Do We Have a Tool for That?

Updated: Dec 13, 2019

Craig getting ready to grind the keel.

When we hauled the boat out, we noticed some rust on the rudder. Craig had to grind it down and also the keel so that he could make an epoxy mend. That was easier said than done. We had to buy new tools, then more tools. Everything he did, different tools were needed or tools in addition to the ones he already had. Like when we replaced the rusty shackles on the anchor chain. It was always more than what we brought from Colorado. And what we brought was a lot., but not enough.

New blocks and ropes for the dinghy davit.

After he epoxied the rudder and keel, he painted it with two or three coats of Interlux. Then we painted it with ablative paint. I sanded some of the zincs down, too. Some we replaced. And of course, we needed tools for all the grinding, painting and sanding. We needed grinders, sanders, wet sand paper, dry sand paper, a vacuum to catch what we sanded off so it wouldn't hurt the environment, long paint rollers, short paint rollers, different brushes for different paints and epoxies, and tons of rags and microfiber towels for all the different things we worked with. And this was just for the bottom of the hull!

Taking the old covestripe off.

When we did the top hull, it was just as bad. We needed buffers, polishers, rubbing compounds of different strengths, wax, more towels, heat gun, putty knives, and scrapers. Not to mention ladders of different heights, and scaffolds which we had to scrounge up from out in the yard. Then they would disappear come Monday morning when the yard workers came back to work. And then we had the Fort Pierce problem. We couldn't get anything on Sunday except at Home Depot, or Lowe's in Vero Beach. Simple things always took five times longer. You could literally spend a whole day finding what you needed to fix something that took five minutes to fix. Not to mention spending a small fortune on everything you needed.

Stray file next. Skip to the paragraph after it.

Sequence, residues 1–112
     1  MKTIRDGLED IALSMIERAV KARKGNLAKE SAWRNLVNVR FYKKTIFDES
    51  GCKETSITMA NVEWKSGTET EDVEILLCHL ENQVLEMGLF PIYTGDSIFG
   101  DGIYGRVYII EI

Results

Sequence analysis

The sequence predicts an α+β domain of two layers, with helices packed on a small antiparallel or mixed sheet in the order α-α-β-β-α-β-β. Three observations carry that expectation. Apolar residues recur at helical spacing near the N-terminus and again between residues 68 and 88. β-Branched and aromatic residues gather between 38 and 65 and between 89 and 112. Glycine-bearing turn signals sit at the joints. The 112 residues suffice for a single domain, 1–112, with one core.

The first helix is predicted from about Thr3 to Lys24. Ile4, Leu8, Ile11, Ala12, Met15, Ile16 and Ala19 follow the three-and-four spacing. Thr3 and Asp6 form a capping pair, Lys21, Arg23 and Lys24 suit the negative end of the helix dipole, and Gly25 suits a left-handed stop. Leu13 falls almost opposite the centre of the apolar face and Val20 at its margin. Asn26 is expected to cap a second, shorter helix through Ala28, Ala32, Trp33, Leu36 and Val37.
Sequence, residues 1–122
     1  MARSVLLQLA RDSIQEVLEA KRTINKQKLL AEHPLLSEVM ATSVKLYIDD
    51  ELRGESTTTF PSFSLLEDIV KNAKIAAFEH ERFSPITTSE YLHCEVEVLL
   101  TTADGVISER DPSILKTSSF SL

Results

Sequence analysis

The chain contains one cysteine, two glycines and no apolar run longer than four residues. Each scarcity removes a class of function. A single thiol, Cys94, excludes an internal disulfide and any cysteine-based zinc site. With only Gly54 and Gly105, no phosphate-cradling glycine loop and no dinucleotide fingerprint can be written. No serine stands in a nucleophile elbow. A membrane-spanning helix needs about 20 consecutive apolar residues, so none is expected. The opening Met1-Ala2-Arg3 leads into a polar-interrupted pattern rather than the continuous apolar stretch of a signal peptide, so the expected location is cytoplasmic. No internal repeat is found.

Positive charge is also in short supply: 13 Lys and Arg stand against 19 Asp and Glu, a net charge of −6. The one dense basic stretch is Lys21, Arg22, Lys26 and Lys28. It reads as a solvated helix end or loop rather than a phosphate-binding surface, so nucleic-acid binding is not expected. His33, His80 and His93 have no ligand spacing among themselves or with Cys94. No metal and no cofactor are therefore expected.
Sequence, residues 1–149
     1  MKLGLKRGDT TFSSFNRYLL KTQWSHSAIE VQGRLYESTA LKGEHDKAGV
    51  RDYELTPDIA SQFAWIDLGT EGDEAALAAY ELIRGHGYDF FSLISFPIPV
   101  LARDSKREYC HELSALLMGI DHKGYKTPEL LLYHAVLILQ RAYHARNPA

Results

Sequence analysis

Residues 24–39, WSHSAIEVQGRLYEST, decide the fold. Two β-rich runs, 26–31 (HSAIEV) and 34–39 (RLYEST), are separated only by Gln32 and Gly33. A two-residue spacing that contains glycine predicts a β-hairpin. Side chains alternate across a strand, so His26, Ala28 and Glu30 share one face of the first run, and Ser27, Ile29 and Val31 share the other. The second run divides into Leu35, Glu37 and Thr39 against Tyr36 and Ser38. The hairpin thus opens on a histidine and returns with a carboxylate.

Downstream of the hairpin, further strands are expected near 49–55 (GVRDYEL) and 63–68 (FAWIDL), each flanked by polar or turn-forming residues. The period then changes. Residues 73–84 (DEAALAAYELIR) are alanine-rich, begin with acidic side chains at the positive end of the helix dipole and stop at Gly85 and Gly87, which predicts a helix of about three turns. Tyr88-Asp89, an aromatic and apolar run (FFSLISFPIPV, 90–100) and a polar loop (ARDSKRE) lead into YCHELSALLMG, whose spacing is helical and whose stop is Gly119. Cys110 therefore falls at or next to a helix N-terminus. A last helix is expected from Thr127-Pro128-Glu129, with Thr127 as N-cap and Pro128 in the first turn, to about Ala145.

When I did the teak in the cockpit, I kept running out of teak oil. It was either go to Westmarine, which costs about twice the price on most items, or go to Marine Connection up the road, who weren't open on Sundays or Mondays. We ended up ordering from Amazon a lot. When we redid the dinghy davit ropes and blocks, we went back and forth, then back and forth some more, until we were tired of going back and forth and called it a day.

Shortening a through hull.

The bow thruster propellers and the main prop were another story. Craig had a job pulling the propellers off. We had someone pull the main prop off and we sent that out to get repitched. Then when we wanted it back on, we had to find someone else because the ones that took it off were “too busy” and couldn’t get to it. We did the bow thrusters ourselves. I had to scrape the barnacles off them because my hands were small enough to fit in there. Craig didn’t have a chance. It was easy to put the new propellers on.

Our newly repitched prop.

And so went the rest of the story until we left the boatyard. Did we have the tool for it? Could we find and obtain that tool, and for what price. And a better question was, how long would it take us to get it? The boatyard is a pricey place to stay, not to mention hard to bring stuff up and down the ladder. We were in a hurry to escape.

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My name is Skipper and my Mom and Dad are helping me bring you this sailing blog, recipes, and lots of cool stuff for your house or even a sailboat like we have! Woof!



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